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We stared wide-eyed and mouths agape as we approached the awe inspiring Perito Moreno Glacier. The size, colour and beautiful setting alone are enough to impress, but what stuck with me was the immense power it seems to emanate. The sound of the shifting, cracking and breaking ice echoed eerily as we walked around the viewing platform, giving me butterflies.

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We found ourselves a sweet wild campsite just off the main park road to the glacier. Life is pretty cramped these days as we barely pop the top in the relentless Patagonian wind. We have to make an effort to go outside, rugged up against the elements. Turns out ponchos are a bit breezy.

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We pointed the brown bus towards Chile for one last time, but Argentina wasn’t going to let us leave that easily. There was fresh snow on the roads and some very icy sections. At one point we thought we might have to turn around, but as we pushed on the roads gradually improved.

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A feeling of excitement was building gradually between us, we’d be reaching the end of our road somewhere in Chile. But where? We hadn’t quite figured that out yet.

Posted from: Buenos Aires, Argentina

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Into the Backcountry : Mallin Alto, Argentina

Horse riding and skiing in the Patagonian backcountry you say?? …um ok, we’re in.

We set off on our trusty steeds across the ever changing landscapes of Nahuel Huapi National Park. Ambling along a picturesque river and up through snowy forest until we finally reached the rugged mountain range that would be our playground for the next few days.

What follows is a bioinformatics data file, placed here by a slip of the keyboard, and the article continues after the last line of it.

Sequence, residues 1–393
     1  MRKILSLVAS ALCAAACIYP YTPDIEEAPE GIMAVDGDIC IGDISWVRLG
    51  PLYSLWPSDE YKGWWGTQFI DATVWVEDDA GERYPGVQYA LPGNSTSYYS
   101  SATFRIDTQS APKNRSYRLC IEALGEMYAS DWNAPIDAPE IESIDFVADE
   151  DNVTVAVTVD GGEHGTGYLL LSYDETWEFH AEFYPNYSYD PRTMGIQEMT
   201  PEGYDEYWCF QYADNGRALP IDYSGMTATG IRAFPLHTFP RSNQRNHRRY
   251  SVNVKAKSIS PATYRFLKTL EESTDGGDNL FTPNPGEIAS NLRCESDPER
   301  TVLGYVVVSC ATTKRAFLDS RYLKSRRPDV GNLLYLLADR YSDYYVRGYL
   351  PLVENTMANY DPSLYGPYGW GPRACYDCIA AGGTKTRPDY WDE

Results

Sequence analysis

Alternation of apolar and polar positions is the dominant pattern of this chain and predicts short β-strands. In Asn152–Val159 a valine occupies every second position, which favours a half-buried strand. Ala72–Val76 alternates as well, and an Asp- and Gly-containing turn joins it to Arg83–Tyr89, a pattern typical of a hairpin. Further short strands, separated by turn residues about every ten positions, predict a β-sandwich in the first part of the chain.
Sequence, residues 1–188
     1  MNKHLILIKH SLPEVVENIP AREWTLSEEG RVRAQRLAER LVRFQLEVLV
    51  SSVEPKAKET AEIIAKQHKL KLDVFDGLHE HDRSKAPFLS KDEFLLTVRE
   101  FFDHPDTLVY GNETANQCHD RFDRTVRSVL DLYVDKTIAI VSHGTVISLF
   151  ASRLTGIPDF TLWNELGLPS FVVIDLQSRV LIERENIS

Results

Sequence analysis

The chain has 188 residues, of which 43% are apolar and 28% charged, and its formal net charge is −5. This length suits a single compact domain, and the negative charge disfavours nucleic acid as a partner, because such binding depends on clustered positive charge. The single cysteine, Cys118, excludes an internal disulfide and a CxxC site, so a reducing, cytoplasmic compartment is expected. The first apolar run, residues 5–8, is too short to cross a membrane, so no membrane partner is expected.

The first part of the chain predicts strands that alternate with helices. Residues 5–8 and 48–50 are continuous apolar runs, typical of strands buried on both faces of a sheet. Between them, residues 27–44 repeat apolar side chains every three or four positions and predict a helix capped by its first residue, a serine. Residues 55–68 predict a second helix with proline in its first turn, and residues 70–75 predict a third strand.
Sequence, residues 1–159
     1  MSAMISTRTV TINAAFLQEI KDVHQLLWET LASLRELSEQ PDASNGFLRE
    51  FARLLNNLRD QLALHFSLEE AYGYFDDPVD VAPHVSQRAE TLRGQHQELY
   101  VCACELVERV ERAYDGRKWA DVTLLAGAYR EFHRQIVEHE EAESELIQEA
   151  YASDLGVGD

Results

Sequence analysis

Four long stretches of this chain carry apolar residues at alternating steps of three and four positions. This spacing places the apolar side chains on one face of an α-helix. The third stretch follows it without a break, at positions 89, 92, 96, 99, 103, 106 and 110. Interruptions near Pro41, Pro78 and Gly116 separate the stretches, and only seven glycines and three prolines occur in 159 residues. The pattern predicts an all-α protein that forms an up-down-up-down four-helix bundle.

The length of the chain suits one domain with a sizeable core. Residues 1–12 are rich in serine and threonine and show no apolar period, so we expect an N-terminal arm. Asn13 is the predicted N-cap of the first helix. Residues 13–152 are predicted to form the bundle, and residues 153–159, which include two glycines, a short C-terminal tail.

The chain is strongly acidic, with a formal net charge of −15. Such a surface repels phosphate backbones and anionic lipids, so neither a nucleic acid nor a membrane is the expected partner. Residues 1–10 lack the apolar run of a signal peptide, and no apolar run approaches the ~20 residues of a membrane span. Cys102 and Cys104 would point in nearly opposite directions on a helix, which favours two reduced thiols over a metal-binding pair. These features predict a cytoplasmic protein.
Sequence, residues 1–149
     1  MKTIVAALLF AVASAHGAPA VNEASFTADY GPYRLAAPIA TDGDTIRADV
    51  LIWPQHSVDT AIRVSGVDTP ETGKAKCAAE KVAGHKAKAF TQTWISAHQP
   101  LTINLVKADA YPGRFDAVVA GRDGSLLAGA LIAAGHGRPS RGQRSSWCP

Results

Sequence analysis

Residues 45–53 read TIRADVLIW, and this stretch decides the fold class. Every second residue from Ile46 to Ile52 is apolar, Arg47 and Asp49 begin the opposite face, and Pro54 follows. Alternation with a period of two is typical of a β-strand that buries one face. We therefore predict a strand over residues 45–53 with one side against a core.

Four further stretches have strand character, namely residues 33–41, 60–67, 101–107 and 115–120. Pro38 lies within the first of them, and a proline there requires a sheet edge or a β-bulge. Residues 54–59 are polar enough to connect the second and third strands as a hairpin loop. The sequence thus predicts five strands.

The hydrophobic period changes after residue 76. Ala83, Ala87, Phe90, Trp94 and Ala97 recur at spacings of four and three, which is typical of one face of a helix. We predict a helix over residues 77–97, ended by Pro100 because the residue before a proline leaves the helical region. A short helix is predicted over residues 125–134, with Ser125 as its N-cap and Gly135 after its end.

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I was gobsmacked when we arrived at El Domo, our seriously luxurious backcountry accommodations. The fire was roaring, the mate was ready and Miguel, the chef, was whipping up some lunch. This was to be the “norm” over the next few days. If we weren’t out exploring the mountains, we were warming up by the fire, merrily stuffing our faces with Miguel’s delicious concoctions, washed down with a few bottles of Malbec.

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We knew that mother nature wasn’t going to be on our side. It has been a terrible year for snow and the forecast showed clouds, clouds, with a chance of clouds. At times the visibility was pretty much zilch, but in some ways it added to the adventure. Our guides Kao and Lucio knew the terrain inside and out, and took us exploring on the snow mobiles almost anywhere, and sometimes in a complete whiteout.

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The afternoons were a bit clearer, but also warmer. The snow quickly became wet and sticky. We still managed to get in a few pretty good runs though, and the experience is not something that I will soon forget. No ski lifts, no other people, just us and the mountains.

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The nights were much like the days. Good food, good wine and Mark and I straining to follow conversations in Spanish. We are at the point now, where we basically get the gist of what is being said, but by the time we think of something to say, the conversation has moved on.

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We woke up on the last morning to a light blanket of new snow covering the land. This is something that I will truly miss when we move back to Australia. The peaceful beauty of wandering amongst trees heavily laden with snow, has to be up there as one of my favourite things.

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Luckily, we had time for a few more runs …

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Soon the famous Patagonian wind had moved in and was roaring wildly all around us.  This was finally our queue to leave.

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Thanks again to Manu and everyone at Mallin Alto. It doesn’t get much better than this!

Posted from Puerto Natales, Chile